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Sunday Sermon 9 April 2017 – Coat Sunday, or the day of the King’s visitation

READING: Luke 19:28-44


Did you bring a coat today? What kind, you say. It doesn’t matter. Rain coat. Warm coat. Wind breaker coat. Trench coat. Detective’s coat.

If you read the bible reading today – people had coats when Jesus came riding in to Jerusalem on a donkey. O wait – let’s watch the little guys’ story about the donkey. Then we’ll go back to the coats.

Cool story. Three famous donkey’s hey. Yes. Dave. Dave’s grandad. And the other one. What? Two? Okay but the third one could really speak. (verse Numbers 22:28-31  Balaam’s donkey)

Okay no Palms. A donkey and coats. Coats are good. You could put them on the donkey of you didn’t have a saddle. You could lay them on the floor – if you didn’t have a red carpet. Like that famous man, Sir Walter Raleigh. He put his cloak over a puddle so that Queen Elizabeth I didn’t get her feet wet. Cool hey!

I reckon you have to do that for Kings and queens. And Jesus was and is a King. Best listen to him when he speaks!

Or just be a donkey carrying Jesus around. So people can see how great he is.

(Prayer for children as they leave)


Talking about coats, I remember very clearly the picture of Sir Walter Raleigh laying his cloak down over a puddle so that Queen Elizabeth I didn’t get her feet wet. There it was in our history notes – that picture has stuck with me.

Trouble is it probably never happened. Blame Historian Thomas Fuller who liked to embellish facts. Walter Raleigh did get his head chopped off after his second holiday in the tower of London. During his first stay in the tower he wrote his first volume of his “History of the world” which was 776 pages long. On the grisly side, his head was embalmed and his widow carried it around with her for the rest of her life.

Now you’re wondering if that’s true. The coat and puddle story sounds more believable.

So, if we didn’t have John’s gospel, we wouldn’t have Palm Sunday. Only coat Sunday at best.

The point is that the genuineness of the accounts of Easter by the four gospel writers supports the historicity of the event. There is no attempt like witnesses protecting each other to line up their versions of the story with each other.

Only Matthew mentions the fulfilment of the prophecy from Zechariah: This took place to fulfill what was spoken through the prophet: “Say to the Daughter of Zion, “See, your king comes to you, gentle and riding on a donkey, on a colt, the foal of a donkey.’ (Matthew 21:4-5)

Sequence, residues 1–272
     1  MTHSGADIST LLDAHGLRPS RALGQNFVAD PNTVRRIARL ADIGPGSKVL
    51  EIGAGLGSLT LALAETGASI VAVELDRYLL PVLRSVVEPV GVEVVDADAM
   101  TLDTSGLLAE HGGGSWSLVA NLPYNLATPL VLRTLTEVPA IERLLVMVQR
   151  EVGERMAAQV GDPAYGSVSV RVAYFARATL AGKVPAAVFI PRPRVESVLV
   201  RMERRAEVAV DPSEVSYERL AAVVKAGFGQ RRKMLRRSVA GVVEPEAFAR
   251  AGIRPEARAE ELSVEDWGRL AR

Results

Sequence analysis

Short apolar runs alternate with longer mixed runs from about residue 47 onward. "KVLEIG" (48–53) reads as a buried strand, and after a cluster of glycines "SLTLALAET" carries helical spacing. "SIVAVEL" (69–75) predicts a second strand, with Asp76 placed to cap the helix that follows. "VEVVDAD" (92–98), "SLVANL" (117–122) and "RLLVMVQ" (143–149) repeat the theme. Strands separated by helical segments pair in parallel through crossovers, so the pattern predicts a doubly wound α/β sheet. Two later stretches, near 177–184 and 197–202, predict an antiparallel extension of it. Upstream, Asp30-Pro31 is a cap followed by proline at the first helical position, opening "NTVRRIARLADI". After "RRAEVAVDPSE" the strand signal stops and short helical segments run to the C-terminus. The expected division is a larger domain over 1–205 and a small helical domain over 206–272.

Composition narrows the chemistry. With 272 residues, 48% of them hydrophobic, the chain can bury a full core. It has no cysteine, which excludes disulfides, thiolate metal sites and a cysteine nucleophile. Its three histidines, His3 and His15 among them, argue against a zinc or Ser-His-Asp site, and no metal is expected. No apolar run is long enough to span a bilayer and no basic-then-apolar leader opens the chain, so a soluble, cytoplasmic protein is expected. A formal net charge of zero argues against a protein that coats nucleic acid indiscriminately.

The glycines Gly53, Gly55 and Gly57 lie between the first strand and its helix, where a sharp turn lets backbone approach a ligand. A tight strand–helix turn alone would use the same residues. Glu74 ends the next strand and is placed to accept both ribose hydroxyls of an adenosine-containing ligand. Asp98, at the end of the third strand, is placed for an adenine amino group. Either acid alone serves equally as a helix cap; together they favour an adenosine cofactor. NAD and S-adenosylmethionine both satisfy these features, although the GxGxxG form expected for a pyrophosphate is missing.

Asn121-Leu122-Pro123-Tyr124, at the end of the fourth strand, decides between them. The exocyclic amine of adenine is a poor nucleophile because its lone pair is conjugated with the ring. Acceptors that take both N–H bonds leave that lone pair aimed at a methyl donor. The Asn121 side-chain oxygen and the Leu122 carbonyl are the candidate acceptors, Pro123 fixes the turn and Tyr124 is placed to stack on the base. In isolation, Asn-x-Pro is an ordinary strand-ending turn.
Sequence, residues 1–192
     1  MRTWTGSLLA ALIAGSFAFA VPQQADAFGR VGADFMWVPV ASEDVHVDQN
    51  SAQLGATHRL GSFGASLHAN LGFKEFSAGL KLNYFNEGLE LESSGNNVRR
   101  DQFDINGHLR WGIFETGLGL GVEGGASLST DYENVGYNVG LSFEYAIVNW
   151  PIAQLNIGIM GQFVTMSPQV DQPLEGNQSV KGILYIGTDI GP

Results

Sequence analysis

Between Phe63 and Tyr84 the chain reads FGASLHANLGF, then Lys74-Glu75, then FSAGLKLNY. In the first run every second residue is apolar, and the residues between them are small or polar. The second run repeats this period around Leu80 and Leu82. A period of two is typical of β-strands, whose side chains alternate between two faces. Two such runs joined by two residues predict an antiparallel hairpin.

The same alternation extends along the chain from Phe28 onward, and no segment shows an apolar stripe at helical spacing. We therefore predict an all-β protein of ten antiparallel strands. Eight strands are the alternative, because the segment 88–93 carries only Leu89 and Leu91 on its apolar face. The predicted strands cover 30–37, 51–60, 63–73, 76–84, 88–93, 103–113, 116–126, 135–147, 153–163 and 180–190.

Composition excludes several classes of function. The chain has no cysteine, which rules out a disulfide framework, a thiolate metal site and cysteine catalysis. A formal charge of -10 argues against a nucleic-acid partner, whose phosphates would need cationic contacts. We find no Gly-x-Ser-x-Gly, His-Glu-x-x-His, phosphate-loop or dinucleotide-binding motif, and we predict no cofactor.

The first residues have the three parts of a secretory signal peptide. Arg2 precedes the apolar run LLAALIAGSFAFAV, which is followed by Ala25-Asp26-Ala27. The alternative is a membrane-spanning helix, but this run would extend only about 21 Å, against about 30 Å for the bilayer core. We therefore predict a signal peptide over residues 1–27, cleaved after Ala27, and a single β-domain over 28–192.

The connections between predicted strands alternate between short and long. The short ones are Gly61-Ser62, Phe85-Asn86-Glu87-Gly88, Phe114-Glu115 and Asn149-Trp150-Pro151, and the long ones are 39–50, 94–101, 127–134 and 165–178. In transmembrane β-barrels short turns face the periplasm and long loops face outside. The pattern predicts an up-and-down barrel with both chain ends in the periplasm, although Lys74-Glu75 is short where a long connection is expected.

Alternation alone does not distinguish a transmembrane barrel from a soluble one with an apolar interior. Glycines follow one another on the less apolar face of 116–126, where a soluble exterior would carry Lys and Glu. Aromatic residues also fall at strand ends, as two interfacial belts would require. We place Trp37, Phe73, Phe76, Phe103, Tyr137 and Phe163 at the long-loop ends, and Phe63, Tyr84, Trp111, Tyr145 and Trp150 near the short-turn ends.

Only Matthew has this dramatic line like a Greek chorus calling out:

When Jesus entered Jerusalem, the whole city was stirred and asked, “Who is this?” The crowds answered, “This is Jesus, the prophet from Nazareth in Galilee.” (21:10-11)

Only Luke seems to hint that there were Pharisees in the crowd of disciples. It changes we see the way they try to tone things down. Perhaps they were really concerned that this procession declaring Jesus as King could have dangerous repercussions. Remember in Acts 15:5 that there were Pharisees who became Christians. (It would have been like Christians today belonging to the Green Party or New Zealand first!)

The two things that really stand out in the reading from Luke today are FIRSTLY the words of those calling out:

“Blessed is the king who comes in the name of the Lord!” “Peace in heaven and glory in the highest!” (v38)

And then the warning to Jerusalem that Jesus gives after weeping over the city:

They will dash you to the ground, you and the children within your walls. They will not leave one stone on another, because you did not recognize the time of God’s coming to you.” (v44)

  1. The first one links the proclamation on Palm Sunday with the words of the angels at Jesus’ birth. We are reminded that this is all the same story of Jesus (God Saves) Emmanuel (God with us) Messiah (anointed one) who comes to rescue us. Luke alone spells it out here:

“Blessed is the KING who comes in the name of the Lord. Peace in heaven and glory in the highest.”

His readers would make the connection. Remember how Herod the Great responded to the wise men’s news about the birth of a king?

Infanticide. The murder of the innocents. Boys up to two years of age.

This time round, we can’t expect anything different. Herod’s descendants are ruling a carved up holy land. Pilate has replaced one of them in Judea.

The power play will unfold. The authorities do not approve. Like Walter Raleigh in the tower of London waiting for his execution for treason, Jesus would be a threat to the rulers of the day once more.

A new king could only mean civil unrest, and Pilate could not allow it if he wanted to keep his job. Yes, he sends Jesus to Herod Antipas, but Antipas has his own agenda. This encounter is portrayed very simply in the film “Jesus”. And in the Passion of the Christ we see a better portrayal of Antipas in my view. You’ll have to read the subtitles as they are speaking in Aramaic. Or Latin.

Perhaps you’d like to watch this extract. It’s actually quite well done.

The Passion of Christ – the events of holy week – are deeply political.

  1. The second unique passage in Luke about this Coat Day is his response to the city of Jerusalem and his prophetic word about its destruction:

We pick it up in verse 43:

The days will come upon you when your enemies will build an embankment against you and encircle you and hem you in on every side.

They will dash you to the ground, you and the children within your walls. They will not leave one stone on another, because you did not recognize the time of God’s coming to you.” (v44)

Again, its deeply political. The Romans would always put down revolts. You only had the peace of Rome as a privilege – safety, good roads, aqueducts, protection – if you towed the line.

It’s the rejection of the visitation that is fascinating. (v44) Jesus says this:

They will not leave one stone on another, because you did not recognize the time of God’s coming to you.”

The original text does not have the word “God” in it. It’s simply a visitation.